Serie Banca Central, análisis y políticas económicas (artículos)

Los trabajos de investigación que normalmente se publican en cada volumen son versiones revisadas y editadas de documentos presentados en la Conferencia Anual del Banco Central de Chile. Estas reúnen a expertos, investigadores y académicos de bancos centrales y autoridades de política monetaria de numerosos países, con la finalidad de promover y discutir los últimos avances en investigación económica sobre temas macroeconómicos y de economía internacional. No obstante, también se ha publicado en esta colección algunos trabajos de investigación que no fueron parte de dicha conferencia anual, pero por su importancia para el Banco, se resolvió difundirlos en esta serie.


Recent Submissions

Now showing 1 - 20 of 314
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    The international financial system after Covid-19
    (Banco Central de Chile, 2023-08-09) Obstfeld, Maurice
    In March of 2020, international markets seized up with a violence unequaled since the Global Financial Crisis (GFC) nearly a dozen years before. As economies around the world locked down in the face of the potentially deadly but completely novel SARS-CoV-2 virus, stock markets fell, firms and governments scrambled for cash, liquidity strains emerged even in the market for U.S. Treasurys, and capital flows to emerging and developing economies (EMDEs) reversed violently. Once again, the world economy appeared on the brink of collapse—until it was pulled back by monetary and fiscal interventions that outstripped even those of the 2008–2009 Global Financial Crisis.
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    Exchange rate puzzles and policies
    (Banco Central de Chile, 2023-08-09) Itskhoki, Oleg; Mukhin, Dmitry
    What is the optimal exchange rate policy? Should exchange rates be optimally pegged, managed, or allowed to freely float? What defines a freely floating exchange rate? Do open economies face a trilemma constraint in choosing between inflation and exchange rate stabilization, unlike divine coincidence in a closed economy? These are generally difficult questions, as the exchange rate is neither a policy instrument, nor a direct objective of the policy, but rather an endogenous general-equilibrium variable tied by equilibrium relationships in both goods and financial markets. At the same time, equilibrium exchange rate behavior features a variety of puzzles from the point of view of conventional business-cycle models typically used for policy analysis in open economy.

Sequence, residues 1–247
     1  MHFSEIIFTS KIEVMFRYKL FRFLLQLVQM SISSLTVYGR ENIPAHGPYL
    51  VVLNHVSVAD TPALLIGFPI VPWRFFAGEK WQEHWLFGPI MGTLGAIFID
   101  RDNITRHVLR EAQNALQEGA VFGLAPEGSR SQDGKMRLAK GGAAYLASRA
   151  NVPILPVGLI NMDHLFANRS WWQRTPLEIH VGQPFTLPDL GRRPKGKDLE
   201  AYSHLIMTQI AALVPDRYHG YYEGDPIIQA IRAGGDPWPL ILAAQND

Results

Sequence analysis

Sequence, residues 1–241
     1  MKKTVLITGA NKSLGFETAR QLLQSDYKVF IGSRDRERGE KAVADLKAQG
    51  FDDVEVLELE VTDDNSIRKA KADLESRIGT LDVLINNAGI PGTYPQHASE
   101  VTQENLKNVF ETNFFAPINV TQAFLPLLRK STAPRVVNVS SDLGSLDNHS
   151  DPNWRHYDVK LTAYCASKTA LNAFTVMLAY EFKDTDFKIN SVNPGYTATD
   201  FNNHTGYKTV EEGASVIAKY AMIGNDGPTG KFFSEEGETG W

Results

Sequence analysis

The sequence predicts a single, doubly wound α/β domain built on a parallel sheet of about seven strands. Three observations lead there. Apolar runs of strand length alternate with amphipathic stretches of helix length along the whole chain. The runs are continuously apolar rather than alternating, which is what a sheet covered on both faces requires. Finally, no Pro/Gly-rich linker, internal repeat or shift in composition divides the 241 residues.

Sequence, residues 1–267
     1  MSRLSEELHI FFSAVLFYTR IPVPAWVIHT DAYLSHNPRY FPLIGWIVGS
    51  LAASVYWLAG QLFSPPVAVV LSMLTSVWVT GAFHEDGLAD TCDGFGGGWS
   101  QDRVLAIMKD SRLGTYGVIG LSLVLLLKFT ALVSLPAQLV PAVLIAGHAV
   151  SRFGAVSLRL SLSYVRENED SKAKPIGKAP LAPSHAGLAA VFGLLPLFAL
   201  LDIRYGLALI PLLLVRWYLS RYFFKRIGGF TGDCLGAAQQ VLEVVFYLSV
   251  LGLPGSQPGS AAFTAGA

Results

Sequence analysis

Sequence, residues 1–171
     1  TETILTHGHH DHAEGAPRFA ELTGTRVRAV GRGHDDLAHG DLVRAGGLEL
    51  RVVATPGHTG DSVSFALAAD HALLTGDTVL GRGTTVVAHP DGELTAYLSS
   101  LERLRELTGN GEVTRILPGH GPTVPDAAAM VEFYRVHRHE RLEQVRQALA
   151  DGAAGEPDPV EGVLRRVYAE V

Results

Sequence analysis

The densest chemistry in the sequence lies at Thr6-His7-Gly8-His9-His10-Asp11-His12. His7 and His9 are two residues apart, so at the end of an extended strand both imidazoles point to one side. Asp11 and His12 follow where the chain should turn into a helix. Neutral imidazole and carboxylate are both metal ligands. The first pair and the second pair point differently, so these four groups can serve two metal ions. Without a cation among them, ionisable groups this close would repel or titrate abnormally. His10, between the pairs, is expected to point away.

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    International risk spillovers: implications for emerging markets’ monetary policy frameworks with an application to Chile
    (Banco Central de Chile, 2023-08-09) Kalemli-Özcan, Sebnem
    Among the factors behind international spillovers, U.S. monetary policy developments retain a major influence. Such developments drive the global financial cycle as strongly demonstrated by Rey (2013), Miranda-Agrippino and Rey (2020), Miranda-Agrippino and Rey (2021). The dramatic U.S. monetary easing during the early months of the Covid-19 pandemic was the single most important factor for the reversal of capital outflows to emerging markets and developing economies.1 As shown by Kalemli-Özcan (2019), the transmission mechanism for monetary policy spillovers to emerging market economies (EMEs) rests on the effect of U.S. monetary policy on investors’ risk sentiments, as those sentiments are more volatile in the case of EMEs. In Kalemli-Özcan (2019), I show that capital flows to emerging markets are particularly “risk-sensitive.” This creates a challenge unique to the EME policymakers and their monetary policy frameworks.
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    Global drivers and macroeconomic volatility in EMEs: a dynamic-factor, general-equilibrium perspective
    (Banco Central de Chile, 2023-08-09) Bajraj, Gent; Fuentes D., Miguel; García S., Benjamín; Lorca, Jorge; Paillacar, Manuel; Wlasiuk, Juan M.; Fernández, Andrés
    A common view held by academics as well as policymakers assigns an important role to global factors as drivers of fluctuations in economic activity in emerging market economies (EMEs). This follows naturally from the fact that these economies are often small and open to trade in global goods and capital markets, which makes them vulnerable to shocks in these markets. However, the nature of these global forces as well as their transmission mechanism into EMEs continues to be debated and is the subject of an active research area in international macroeconomics. While an influential view postulates a financial origin in the form of a global financial cycle (Miranda-Agrippino and Rey, 2020), others have argued in favor of alternative global forces in the form of fluctuations in commodity prices (Fernández and others, 2017, 2018, 2020), changes in sovereign risks (Longstaff and others, 2011; Aguiar and others, 2016), and a common growth factor among EMEs (Claessens and others, 2012).
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    Sovereign-Debt Crises and Floating-Rate Bonds